Young adults urged to get measles jab after case no.11
HEALTH officials are pleading with Gen-Y Ipswich residents to get the measles vaccination after an 11th case of the disease was confirmed.
The warning comes after 10 of the 11 confirmed measles cases in Ipswich had occurred in adults who were born after 1966.
The man infected with the latest measles case visited Ipswich Hospital while contagious.
He was in ward 7B on the evening of October 8 and the day of October 9.
Health officials urge anyone who visited the ward on those dates to be alert for measles symptoms.
West Moreton Hospital and Health Service have extended the free vaccination clinic into next week at the Ipswich Health plaza in Bell St.
Public health physician Dr Heidi Carroll said many adults in their late 20s and early 30s mistakenly believe that they have been vaccinated for measles.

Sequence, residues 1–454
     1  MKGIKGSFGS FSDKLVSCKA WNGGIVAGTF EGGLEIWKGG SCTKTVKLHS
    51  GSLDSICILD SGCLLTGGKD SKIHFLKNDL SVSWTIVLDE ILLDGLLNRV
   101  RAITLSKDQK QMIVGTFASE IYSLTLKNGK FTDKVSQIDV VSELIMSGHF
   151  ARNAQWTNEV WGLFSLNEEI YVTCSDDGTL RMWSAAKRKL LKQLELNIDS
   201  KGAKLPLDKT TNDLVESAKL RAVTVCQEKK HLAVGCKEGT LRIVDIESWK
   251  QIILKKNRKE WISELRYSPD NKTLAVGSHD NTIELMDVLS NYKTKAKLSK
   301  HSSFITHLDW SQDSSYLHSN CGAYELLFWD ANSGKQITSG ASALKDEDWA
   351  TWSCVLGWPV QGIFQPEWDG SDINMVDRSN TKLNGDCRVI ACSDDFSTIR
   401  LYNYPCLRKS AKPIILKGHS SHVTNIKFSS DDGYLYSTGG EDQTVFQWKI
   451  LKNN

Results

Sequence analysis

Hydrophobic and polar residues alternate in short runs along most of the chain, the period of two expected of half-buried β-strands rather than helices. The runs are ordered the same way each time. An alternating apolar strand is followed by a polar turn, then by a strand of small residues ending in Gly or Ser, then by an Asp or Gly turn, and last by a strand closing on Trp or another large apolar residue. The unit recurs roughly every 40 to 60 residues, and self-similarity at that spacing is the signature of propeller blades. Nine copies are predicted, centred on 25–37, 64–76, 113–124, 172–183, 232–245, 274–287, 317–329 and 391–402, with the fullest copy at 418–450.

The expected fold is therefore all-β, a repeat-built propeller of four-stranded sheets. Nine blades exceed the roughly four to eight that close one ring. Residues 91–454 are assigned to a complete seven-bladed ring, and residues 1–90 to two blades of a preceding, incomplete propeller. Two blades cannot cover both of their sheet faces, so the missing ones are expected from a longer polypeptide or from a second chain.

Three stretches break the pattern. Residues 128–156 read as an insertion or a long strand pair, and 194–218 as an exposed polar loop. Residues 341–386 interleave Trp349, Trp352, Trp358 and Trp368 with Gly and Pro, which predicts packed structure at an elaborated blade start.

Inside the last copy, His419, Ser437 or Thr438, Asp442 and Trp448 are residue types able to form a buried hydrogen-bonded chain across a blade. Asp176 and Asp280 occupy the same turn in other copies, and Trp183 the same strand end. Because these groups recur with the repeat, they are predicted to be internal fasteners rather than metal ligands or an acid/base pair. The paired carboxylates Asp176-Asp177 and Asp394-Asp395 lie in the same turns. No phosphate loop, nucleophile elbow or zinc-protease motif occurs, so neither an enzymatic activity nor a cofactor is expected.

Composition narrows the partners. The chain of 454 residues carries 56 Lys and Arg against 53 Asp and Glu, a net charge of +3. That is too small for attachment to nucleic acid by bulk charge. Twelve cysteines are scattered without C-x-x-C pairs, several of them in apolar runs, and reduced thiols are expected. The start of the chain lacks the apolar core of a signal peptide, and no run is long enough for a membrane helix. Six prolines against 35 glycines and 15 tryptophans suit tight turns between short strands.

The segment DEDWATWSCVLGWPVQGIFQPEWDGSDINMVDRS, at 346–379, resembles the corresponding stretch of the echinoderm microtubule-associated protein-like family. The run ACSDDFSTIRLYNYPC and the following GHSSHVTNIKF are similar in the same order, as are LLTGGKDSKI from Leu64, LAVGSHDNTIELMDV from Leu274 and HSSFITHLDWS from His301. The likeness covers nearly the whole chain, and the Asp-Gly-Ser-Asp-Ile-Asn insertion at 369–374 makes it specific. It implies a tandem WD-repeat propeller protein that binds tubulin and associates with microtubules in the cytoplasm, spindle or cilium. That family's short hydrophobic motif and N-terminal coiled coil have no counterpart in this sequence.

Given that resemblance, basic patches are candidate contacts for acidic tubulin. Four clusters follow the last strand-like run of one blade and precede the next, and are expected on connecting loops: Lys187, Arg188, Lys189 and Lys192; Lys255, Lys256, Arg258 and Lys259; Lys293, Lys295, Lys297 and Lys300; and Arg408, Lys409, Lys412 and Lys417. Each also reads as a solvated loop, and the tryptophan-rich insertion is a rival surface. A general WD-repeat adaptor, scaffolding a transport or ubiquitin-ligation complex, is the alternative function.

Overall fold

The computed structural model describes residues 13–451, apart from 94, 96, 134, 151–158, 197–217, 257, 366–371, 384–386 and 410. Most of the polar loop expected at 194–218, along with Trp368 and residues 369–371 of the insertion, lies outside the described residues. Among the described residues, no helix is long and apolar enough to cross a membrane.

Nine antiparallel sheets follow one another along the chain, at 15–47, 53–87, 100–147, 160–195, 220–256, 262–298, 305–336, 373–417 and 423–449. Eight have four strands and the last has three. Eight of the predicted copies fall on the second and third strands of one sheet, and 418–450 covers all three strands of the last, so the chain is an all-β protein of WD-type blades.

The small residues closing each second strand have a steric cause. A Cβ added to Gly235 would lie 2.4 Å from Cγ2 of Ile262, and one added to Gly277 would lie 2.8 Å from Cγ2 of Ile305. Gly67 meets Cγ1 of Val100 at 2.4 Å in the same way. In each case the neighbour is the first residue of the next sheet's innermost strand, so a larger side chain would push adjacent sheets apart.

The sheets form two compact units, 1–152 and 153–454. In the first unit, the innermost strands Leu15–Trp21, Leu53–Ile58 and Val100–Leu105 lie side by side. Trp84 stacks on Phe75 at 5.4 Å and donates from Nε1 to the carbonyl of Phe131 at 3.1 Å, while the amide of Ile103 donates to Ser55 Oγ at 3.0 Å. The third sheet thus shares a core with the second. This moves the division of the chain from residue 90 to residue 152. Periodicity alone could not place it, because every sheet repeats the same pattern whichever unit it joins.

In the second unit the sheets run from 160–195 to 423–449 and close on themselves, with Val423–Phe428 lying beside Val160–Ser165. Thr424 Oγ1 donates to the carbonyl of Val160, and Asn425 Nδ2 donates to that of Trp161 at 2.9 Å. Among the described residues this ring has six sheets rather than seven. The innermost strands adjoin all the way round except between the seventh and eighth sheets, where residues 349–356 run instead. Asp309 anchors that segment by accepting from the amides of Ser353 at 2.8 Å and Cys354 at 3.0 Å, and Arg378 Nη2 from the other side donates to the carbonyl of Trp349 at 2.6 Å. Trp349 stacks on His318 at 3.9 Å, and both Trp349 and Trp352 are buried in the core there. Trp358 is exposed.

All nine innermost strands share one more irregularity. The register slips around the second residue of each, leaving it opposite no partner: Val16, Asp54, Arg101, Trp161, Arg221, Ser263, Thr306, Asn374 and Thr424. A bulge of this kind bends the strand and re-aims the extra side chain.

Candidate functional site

"This may be because measles vaccine wasn't universally available to all children in Australia until the late 1980s and early 1990s," she said.
"Adults who were born in 1966 or later and who do not have documentation of having received measles vaccine, or having had the infection, are particularly at risk of contracting the disease.
"If in doubt, the message is to get vaccinated to help prevent you from contracting measles."
Dr Carroll said anyone unsure of their measles immunity or vaccination status should visit their GP.
"True measles is a serious viral infection that causes fever, cough, runny nose, and then a red spotty rash and sore eyes a few days later.
"Symptoms usually start around 10 days, but can occur between seven and 18 days after infection .
"It is very important to call the medical practice first to say you could have measles, so that staff can take precautions to avoid spreading the disease to others."
She said if people are adequately vaccinated with two recorded doses of Measles Mumps Rubella vaccine, they are very unlikely to get the disease," she said.
For more information, visit http://www.health.qld.gov.au